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This eBook from the Gutenberg Project consists of approximately 245 pages of information about A Daughter of To-Day.
whenever chance brought her under Lady Halifax’s observation.  A not unreasonable solution of the problem might have been found in Elfrida’s instinctive objection to casting her pearls where they are proverbially unappreciated, and the necessity in her nature of pleasing herself by one form of agreeable behavior if not by another.  Lady Halifax, however, ascribed it to the improving influence of insular institutions, and finally concluded that it ought to be followed up.

Elfrida wore amber and white the evening on which Lady Halifax followed it up—­a Parisian modification of a design carried, out originally by the Sparta dressmaker, with a degree of hysteria, under Miss Bell’s direction.  She wore it with a touch of unusual color in her cheeks and, an added light in her dark eyes that gave a winsomeness to her beauty which it had not always.  A cunningly bound spray of yellow-stamened lilies followed the curving line of her low-necked dress, ending in a cluster in her bosom; the glossy little leaves of the smilax the florist had wreathed in with them stood sharply against the whiteness of her neck.  Her hair was massed at the back of her head simply and girlishly enough, and its fluffiness about her forehead made a sweet shadow above her eyes.  She had a little fever of expectation, Janet had talked so much about this reception.  Janet had told her that the real thing, the real English literary thing in numberless volumes, would be on view at Lady Halifax’s.  Miss Cardiff had mentioned this in their discussion of the Arcadia Club, at which institution she had scoffed so unbearably that Elfrida, while she cherished the memory of Georgiadi, had not mentioned it since.  Perhaps, after all, she reflected, Janet was just a trifle blind where people were not hall-marked.  It did not occur to her to consider how far she herself illustrated this theory.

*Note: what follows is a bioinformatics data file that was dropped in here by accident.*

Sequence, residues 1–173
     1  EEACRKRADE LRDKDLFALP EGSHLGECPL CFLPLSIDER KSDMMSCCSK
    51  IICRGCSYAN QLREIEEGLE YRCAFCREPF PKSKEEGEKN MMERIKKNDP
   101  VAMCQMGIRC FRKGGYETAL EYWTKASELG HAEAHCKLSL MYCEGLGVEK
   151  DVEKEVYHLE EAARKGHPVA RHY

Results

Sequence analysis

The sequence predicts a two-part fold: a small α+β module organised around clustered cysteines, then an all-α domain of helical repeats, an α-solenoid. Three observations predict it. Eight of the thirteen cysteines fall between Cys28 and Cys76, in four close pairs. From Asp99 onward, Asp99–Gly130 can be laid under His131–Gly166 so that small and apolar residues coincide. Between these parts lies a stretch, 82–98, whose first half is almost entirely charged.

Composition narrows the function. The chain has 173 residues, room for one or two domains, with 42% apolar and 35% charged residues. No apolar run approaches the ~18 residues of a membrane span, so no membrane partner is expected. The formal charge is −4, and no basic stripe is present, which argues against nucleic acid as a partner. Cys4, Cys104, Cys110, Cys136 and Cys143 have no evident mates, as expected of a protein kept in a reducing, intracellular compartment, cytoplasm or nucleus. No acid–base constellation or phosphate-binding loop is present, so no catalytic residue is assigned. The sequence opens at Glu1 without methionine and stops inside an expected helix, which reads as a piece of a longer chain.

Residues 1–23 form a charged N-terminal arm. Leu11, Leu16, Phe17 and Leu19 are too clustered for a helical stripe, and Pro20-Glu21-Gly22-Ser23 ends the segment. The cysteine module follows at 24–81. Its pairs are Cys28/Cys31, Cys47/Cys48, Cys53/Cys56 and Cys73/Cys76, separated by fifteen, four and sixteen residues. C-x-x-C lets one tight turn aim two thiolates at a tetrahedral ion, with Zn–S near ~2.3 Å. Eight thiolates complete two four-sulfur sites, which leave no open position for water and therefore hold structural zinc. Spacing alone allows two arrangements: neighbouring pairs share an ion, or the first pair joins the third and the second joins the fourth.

But as she went down Mrs. Jordan’s narrow flights of stairs covered with worn oil-cloth, she kissed her own soft arm for pure pleasure.

“You are ravishing to-night,” she told herself.

Golightly Ticke’s door was open, and he was standing in it, picturesquely smoking a cigarette with the candle burning behind him—­“Just to see you pass,” he said.

Elfrida paused and threw back her cloak.  “How is it?” she asked, posing for him with its folds gathered in either hand.

Ticke scanned her with leisurely appreciation.  “It is exquisite,” he articulated.

Elfrida gave him a look that might have intoxicated nerves less accustomed to dramatic effects.

“Then whistle me a cab,” she said.

Mr. Ticke whistled her a cab and put her into it.  There was the least pressure of his long fingers as he took her hand, and Elfrida forbade herself to resent it.  She felt her own beauty so much that night that she could not complain of an enthusiasm for it in such a belle ame as Golightly.

They went up to tie drawing-room together, if Elfrida and the Cardiffs, and Lady Halifax immediately introduced to Miss Bell a hollow-cheeked gentleman with a long gray beard and bushy eyebrows as a fellow-countryman.  “You can compare your impressions of Hyde Park and St. Paul’s,” said Lady Halifax, “but don’t call us ‘Britishers.’  It really isn’t pretty of you.”

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